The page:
Number of places at Balliol

8-10 (including 4-5 for Physics and Philosophy)

Subject information

Please see the Physics website. There is also information on the course pages of the University's undergraduate admissions website.

Course requirements

For information on what subjects you need to study at school, please see the Physics admissions website.

College requirements

None specific to Balliol.

Admissions/Selection criteria

For information on how applicants are assessed, see the selection criteria pages on the Physics website.

Physics at Balliol

Among all the colleges in the University, Balliol has one of the largest intakes of Physics students: we admit 8 to 10 students per year in Physics and Physics and Philosophy. Balliol is one of only a handful of colleges to have four full-time Physics tutors. Between them they cover almost the entire Physics undergraduate syllabus in tutorials.

Balliol has a particular commitment to fundamental aspects of Physics, such as quantum mechanics, particle physics, and theoretical physics, which is reflected in the tutors’ research interests. The College also has a Philosophy Tutor specialising in the philosophy of Physics (see the Physics and Philosophy page). In addition, Balliol has a Professorial Fellow and a Junior Research Fellow in Physics. Our research reaches from quantum information processing and fundamental aspects of quantum mechanics to particle physics and string theory (see below).

Departmental lectures are accompanied by tutorials in College for the first three years of the course. Tutorials typically last one hour and are with one, two, or three students. The Balliol Tutors cover almost the entire range of undergraduate subjects, including mechanics, special relativity, and mathematics in the first year; electromagnetism, quantum mechanics, and thermodynamics in the second year; and advanced courses on fluid dynamics, atomic physics, particle physics, symmetries, and general relativity in the third year.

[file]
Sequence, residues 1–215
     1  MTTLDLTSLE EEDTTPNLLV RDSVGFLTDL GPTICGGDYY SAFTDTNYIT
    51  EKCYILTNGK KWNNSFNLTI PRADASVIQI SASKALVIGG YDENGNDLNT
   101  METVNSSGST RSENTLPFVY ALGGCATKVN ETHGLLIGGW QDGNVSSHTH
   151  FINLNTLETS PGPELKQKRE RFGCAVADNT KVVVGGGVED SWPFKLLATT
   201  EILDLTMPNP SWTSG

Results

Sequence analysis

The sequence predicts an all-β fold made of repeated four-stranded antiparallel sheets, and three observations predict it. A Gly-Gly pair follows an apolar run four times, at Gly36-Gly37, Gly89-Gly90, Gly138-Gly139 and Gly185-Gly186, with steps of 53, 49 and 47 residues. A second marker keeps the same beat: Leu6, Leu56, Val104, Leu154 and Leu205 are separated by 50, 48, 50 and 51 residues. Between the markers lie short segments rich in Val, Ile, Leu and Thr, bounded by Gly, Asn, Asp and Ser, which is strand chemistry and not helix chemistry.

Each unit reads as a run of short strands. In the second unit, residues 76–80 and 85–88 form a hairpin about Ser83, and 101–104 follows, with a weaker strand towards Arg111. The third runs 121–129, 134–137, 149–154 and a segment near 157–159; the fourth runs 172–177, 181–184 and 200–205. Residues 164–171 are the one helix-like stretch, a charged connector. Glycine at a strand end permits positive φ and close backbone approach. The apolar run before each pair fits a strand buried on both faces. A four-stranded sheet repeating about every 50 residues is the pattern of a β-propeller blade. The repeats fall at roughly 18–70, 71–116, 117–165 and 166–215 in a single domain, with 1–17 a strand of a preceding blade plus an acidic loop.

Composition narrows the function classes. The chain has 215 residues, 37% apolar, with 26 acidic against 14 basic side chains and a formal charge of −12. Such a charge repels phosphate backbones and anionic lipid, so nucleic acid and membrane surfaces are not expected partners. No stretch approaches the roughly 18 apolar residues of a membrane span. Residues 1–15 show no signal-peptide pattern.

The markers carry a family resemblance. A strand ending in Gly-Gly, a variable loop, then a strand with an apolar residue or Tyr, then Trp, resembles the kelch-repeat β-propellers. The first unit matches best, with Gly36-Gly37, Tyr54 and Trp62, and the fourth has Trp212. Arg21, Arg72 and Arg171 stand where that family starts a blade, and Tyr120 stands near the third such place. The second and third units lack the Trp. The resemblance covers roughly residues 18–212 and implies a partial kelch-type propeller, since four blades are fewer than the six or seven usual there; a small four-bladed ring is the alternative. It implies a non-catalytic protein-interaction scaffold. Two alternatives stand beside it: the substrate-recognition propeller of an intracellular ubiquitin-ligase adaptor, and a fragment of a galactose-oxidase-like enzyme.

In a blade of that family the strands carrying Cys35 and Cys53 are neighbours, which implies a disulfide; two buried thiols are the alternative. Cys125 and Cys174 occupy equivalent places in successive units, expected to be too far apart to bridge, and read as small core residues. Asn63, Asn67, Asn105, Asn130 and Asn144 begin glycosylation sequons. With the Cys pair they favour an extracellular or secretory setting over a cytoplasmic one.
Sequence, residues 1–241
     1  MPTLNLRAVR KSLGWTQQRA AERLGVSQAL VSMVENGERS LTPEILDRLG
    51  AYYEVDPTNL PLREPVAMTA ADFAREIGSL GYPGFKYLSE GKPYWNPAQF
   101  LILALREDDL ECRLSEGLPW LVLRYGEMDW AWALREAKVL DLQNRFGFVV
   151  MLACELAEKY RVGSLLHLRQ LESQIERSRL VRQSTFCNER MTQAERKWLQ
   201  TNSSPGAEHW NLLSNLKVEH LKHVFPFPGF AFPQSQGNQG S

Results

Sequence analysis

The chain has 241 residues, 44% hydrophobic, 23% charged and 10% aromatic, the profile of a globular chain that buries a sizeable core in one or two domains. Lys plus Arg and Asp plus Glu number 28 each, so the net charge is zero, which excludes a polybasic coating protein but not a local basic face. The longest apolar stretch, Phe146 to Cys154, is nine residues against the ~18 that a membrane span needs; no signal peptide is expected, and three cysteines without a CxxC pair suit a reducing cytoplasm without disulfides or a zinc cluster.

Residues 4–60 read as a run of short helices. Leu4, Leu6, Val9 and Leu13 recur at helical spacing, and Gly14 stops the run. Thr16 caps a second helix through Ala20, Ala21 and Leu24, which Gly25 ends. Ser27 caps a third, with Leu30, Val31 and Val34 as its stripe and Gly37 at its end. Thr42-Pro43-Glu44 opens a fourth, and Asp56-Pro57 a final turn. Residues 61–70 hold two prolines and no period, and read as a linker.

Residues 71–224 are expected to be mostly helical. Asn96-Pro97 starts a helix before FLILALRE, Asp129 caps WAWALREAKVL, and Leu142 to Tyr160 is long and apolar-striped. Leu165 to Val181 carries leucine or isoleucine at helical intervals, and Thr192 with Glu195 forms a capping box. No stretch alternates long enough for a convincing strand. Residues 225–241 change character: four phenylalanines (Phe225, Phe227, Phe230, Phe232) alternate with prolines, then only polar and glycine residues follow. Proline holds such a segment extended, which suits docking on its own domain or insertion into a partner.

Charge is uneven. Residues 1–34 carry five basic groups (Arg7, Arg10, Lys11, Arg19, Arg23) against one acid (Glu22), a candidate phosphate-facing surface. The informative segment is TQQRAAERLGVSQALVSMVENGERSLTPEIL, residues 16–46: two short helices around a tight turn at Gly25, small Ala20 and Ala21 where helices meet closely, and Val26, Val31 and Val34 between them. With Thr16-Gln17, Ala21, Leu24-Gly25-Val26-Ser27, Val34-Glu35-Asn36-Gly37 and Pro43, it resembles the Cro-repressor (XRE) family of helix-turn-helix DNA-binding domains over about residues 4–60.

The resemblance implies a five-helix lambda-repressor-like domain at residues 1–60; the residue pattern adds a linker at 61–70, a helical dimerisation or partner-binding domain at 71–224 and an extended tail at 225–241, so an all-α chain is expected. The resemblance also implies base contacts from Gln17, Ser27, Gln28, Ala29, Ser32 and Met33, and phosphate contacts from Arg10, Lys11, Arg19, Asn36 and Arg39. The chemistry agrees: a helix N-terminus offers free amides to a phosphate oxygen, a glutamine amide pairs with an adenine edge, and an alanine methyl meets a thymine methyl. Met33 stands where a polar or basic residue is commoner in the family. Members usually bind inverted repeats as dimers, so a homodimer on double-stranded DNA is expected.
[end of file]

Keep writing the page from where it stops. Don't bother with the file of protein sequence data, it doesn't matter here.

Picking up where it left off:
Dr David Lucas, Fellow and Tutor in Physics. Dr Lucas gives tutorials in first-year classical mechanics and special relativity, first-year electromagnetism, and third-year atomic and laser physics. He is an experimental physicist who works on building quantum computers using trapped ions (see his research page).

David Lucas image

Professor André Lukas, Fellow and Tutor in Physics. Professor Lukas tutors first- and second-year mathematics, second-year electromagnetism, and third-year theoretical physics. He is a theoretical physicist whose main research interest is string theory and its relation to particle physics and cosmology.

Andre Lukas image

Dr Armin Reichold, Fellow and Tutor in Physics. Dr Reichold tutors first-year optics, second-year kinetic theory, thermodynamics, and statistical mechanics, and third-year nuclear and particle physics and special relativity. His research interests are in experimental particle physics (LHC detectors and SNO+ neutrino experiment) and accelerator physics (next-generation linear colliders ILC and CLIC), and large-scale metrology.

Armin Reichold image

Dr David Wallace moved into Philosophy of Physics after completing his Physics doctorate. His main research interests are in the philosophy of quantum mechanics, especially the 'many worlds' theory.

David Wallace image

Professor Brian Foster is a Professorial Fellow at Balliol and is Head of the Particle Physics Sub-Department at Oxford. His research interests are in deep inelastic scattering and he is European Director of the International Linear Collider project.

Brian Foster image


  • Dr Christopher Palmer, Lecturer in Physics. Christopher has been at Balliol since 1989, and has taught extensively across most parts of the course. Currently he teaches mathematics to the first-years, quantum mechanics to the second-years, and fluid dynamics to the third-years. His research background is similarly diverse – he has worked in laser spectroscopy and atomic physics, and on calibrating earth-observing satellite instruments. He is currently closely engaged with the running of the course at University level, being Chair of the Committee that runs the Physics and Philosophy degree, and a member of the committee that runs the Physics degree.